Leta moved her lips: it was almost a smile. “Well, thank you, Mr. — ”
“Reagle. But you can call me Cambridge. I wouldn’t blame you at all if you hadn’t remembered; we’ve only met once. Which is unfortunate! I’ve needed to get ahold of you.” He sidled closer. Leta noted the crystal rocks glass in his hand was near empty, and judging by the redness in his face, it was not his first drink. Still, his voice was smooth and professional, not drunk. “I know it’s rude to talk business at a party, and I won’t keep you. But I wanted to do this in person before you get a dozen notes delivered to you from my receptionist.”
Leta wasn’t sure what the correct reaction was to this greeting. She simply said, “Oh?”
“Yes indeedy. Miss Leta, I’ve worked alongside your father before, and now I work in Vescent’s Division of Biological Sciences. I’m heading a new project. It couldn’t be more up your alley. I’d be lying if I said you were on our ‘short list.’ The truth is, you are our list.”
With a bit of a flourish, he withdrew a card from his breast pocket. Leta did not reach for it but she focused her eyes on the writing: it was a business card that contained his name, his contact information and in the corner, the bold, black symbol of the Society. The black librera she was seeing more and more often these days.
After a moment, Leta tore her eyes away. “That’s very kind of you,” said Leta finally, using a tone of voice that surely would have made Vinia commend her manners. She even managed to sound apologetic. “But I’m afraid I’m in school already, and next year I’m applying early for medical school.”
What Leta expected was for Cambridge to say, “is that right?!” or “are you really then?” or “at your age? how extraordinary!” because that’s what all of her father’s friends said. But what Cambridge said was, still smiling, “I know. I did my homework, and I’m prepared to work entirely around your schedule. I’ve spoken with your guidance counselor, who simply cannot say enough good things about you. Oh, and I included a few details on the back of the card,” he added, and this time he pressed it into her hand. “Think on it, and send me a message after the holiday.”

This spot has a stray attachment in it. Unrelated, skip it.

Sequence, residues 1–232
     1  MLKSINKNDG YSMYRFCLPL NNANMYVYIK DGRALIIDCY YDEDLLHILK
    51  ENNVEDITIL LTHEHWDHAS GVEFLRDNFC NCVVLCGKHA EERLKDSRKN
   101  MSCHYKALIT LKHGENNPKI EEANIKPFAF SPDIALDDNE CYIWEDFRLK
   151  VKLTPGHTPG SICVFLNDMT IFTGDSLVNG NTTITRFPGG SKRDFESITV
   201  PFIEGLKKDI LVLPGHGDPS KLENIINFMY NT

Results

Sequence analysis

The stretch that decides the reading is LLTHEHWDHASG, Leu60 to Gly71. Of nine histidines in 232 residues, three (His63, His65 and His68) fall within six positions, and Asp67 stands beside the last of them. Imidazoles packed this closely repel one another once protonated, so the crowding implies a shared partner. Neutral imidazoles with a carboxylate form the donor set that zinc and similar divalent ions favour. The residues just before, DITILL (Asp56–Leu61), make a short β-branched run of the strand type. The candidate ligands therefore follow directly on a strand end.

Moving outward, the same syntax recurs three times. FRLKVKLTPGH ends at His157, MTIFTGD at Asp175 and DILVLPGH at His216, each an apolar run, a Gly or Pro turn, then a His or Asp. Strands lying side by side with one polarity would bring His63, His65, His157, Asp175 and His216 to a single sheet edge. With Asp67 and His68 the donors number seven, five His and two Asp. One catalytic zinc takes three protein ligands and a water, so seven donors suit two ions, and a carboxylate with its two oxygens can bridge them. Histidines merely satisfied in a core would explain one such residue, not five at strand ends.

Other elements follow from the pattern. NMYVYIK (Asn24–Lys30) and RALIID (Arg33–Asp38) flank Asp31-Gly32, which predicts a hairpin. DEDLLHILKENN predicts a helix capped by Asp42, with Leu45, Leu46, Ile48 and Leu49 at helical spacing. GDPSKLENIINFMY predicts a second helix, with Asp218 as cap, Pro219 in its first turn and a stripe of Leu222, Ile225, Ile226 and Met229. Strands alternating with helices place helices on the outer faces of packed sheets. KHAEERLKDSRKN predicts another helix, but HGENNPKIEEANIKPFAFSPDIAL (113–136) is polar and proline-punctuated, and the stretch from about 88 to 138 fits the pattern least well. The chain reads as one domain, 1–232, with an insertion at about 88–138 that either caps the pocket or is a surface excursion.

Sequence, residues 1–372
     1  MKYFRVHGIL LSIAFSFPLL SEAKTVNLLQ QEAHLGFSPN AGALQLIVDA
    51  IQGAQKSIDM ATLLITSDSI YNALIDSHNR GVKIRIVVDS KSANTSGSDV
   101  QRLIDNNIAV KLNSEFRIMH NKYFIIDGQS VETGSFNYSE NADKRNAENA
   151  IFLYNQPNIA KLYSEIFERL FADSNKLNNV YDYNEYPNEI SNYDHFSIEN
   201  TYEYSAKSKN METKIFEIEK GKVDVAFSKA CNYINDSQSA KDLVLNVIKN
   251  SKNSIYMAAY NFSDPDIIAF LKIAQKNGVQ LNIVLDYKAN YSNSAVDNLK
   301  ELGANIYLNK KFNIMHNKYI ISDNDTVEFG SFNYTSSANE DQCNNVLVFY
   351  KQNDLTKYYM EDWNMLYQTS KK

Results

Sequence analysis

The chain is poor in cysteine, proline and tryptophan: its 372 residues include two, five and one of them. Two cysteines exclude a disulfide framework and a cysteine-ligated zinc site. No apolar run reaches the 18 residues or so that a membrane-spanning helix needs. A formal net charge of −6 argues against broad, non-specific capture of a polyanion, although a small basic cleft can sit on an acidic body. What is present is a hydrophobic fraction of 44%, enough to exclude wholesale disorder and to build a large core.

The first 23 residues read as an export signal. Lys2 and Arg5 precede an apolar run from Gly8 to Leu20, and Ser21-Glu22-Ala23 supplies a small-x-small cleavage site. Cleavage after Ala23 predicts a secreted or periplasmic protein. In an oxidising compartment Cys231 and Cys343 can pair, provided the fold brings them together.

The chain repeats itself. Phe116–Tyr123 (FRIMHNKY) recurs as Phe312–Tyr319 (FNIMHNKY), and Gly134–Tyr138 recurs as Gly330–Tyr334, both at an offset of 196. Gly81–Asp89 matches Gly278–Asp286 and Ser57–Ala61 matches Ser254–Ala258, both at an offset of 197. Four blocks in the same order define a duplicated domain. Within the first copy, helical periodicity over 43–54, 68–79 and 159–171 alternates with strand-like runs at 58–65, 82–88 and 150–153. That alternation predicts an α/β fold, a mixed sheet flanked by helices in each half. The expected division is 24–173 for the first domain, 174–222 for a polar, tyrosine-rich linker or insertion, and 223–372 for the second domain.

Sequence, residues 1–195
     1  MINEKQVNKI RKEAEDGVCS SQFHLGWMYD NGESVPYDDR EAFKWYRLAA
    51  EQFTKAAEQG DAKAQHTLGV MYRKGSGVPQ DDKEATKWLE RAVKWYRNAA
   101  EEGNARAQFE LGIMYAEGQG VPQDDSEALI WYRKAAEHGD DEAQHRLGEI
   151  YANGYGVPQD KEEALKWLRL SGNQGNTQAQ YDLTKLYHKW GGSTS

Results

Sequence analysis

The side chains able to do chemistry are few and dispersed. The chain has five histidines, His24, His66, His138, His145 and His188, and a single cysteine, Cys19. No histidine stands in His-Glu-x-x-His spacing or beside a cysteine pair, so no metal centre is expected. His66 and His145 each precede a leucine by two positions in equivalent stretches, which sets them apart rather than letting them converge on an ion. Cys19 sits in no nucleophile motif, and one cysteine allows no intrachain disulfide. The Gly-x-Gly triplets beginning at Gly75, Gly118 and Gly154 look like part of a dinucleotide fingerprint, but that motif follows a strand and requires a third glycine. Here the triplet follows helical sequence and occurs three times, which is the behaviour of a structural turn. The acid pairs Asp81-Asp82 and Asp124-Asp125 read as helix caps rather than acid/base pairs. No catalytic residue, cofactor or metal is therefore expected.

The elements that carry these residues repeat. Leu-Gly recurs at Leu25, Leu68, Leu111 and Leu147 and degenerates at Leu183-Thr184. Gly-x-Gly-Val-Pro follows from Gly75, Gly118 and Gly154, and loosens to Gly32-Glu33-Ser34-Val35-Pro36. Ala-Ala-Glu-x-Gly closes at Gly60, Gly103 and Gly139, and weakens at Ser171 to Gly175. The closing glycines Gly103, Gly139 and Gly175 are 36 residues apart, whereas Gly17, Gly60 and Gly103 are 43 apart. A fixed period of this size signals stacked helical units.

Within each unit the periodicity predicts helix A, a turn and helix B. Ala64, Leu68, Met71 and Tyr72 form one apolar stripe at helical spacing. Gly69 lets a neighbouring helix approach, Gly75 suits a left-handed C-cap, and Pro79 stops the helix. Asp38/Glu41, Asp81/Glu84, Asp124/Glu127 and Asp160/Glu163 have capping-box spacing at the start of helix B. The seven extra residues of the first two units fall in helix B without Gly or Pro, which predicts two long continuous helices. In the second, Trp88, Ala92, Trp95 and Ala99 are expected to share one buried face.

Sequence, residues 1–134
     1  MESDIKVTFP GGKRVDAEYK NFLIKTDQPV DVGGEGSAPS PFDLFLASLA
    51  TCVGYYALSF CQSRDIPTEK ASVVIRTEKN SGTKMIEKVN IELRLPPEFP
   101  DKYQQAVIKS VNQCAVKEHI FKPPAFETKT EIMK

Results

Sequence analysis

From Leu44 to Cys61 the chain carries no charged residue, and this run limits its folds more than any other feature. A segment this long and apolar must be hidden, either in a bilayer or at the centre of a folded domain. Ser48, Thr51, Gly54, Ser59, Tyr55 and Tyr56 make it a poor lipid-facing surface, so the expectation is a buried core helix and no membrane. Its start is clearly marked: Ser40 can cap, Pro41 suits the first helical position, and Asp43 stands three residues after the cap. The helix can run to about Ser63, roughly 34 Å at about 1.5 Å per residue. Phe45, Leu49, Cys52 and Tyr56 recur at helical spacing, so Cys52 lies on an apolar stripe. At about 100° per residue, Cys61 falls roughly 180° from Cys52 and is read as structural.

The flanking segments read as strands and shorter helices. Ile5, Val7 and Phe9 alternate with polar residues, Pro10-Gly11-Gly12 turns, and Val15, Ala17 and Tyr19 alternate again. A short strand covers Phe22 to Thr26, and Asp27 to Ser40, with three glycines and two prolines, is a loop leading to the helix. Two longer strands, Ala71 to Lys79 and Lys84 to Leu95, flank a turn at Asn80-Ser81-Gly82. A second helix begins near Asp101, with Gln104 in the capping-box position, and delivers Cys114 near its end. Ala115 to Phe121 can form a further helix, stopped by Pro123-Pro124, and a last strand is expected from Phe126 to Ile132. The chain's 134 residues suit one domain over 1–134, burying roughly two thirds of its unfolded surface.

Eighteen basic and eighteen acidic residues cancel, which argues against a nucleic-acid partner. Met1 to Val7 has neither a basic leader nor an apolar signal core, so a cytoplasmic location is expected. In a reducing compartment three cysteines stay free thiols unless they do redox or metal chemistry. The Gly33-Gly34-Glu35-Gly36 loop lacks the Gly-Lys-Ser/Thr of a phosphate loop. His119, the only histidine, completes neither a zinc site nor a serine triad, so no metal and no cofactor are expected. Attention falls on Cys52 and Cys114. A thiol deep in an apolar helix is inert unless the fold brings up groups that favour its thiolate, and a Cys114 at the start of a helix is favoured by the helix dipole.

He tipped his glass at her, smiled, and melted back into the crowd.
– – – – – – – – – – – – – – – – – – – – – – – –
“That wasn’t so awful now, was it?”
Vinia was loading the dishwasher. Leta sat on the counter near him, dangling her bare feet toward the floor, still nursing the same bottle of wine. It was nearly 2 a.m. and the guests had left; the house was empty and silent once more. The holiday was over.
“Well,” said Leta, flashing the chef a smile, “The food was fantastic at least.” But Vinia wasn’t wrong: aside from that strange encounter with Reagle Cambridge, the night hadn’t been so terrible after all. Eventually she’d found a few of her father’s more gossipy friends, all of whom had been fantastically drunk. And Layka’s son had seemed to give up on her. And even her father seemed to be enjoying himself for once.
“I can’t believe it, but we survived yet another one of these,” Leta muttered in disbelief. She took the last swig from the bottle, sighed tiredly and pushed herself from the counter. “G’night, Vinia.”
“Goodnight, my dear.”
Upstairs, Leta undressed for bed in her bathroom. Just as her shining emerald-green dress dropped to her feet, a small, square piece of paper — Cambridge’ business card — fluttered down to the floor from the forgotten folds of her clothing.
She leaned to pick it up, and went to toss it in the garbage where it belonged, when the handwriting on the back of the card caught her eye. She paused, and turned it over in her hand.
The project in development is in the field of neuroscience. I did not wish to say so in person, but this is a project your mother long wished to see come to light.
If you’d like to come in for a formal interview, we would be more than thrilled to show you around the lab.
Have a lovely holiday.
Dr. Reagle Cambridge
The Society for Intergalactic Unification